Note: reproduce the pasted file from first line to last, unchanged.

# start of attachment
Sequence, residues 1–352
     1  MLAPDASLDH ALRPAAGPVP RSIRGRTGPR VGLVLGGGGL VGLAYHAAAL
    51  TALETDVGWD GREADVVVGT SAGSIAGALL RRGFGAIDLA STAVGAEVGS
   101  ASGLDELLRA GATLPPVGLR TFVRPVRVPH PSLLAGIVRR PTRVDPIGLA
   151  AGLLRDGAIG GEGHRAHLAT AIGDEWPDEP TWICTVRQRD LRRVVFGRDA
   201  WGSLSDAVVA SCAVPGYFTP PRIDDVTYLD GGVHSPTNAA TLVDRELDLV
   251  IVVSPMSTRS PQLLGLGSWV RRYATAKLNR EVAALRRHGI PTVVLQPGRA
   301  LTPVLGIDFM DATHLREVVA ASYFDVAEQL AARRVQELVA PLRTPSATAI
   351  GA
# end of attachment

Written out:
Sequence, residues 1–352
     1  MLAPDASLDH ALRPAAGPVP RSIRGRTGPR VGLVLGGGGL VGLAYHAAAL
    51  TALETDVGWD GREADVVVGT SAGSIAGALL RRGFGAIDLA STAVGAEVGS
   101  ASGLDELLRA GATLPPVGLR TFVRPVRVPH PSLLAGIVRR PTRVDPIGLA
   151  AGLLRDGAIG GEGHRAHLAT AIGDEWPDEP TWICTVRQRD LRRVVFGRDA
   201  WGSLSDAVVA SCAVPGYFTP PRIDDVTYLD GGVHSPTNAA TLVDRELDLV
   251  IVVSPMSTRS PQLLGLGSWV RRYATAKLNR EVAALRRHGI PTVVLQPGRA
   301  LTPVLGIDFM DATHLREVVA ASYFDVAEQL AARRVQELVA PLRTPSATAI
   351  GA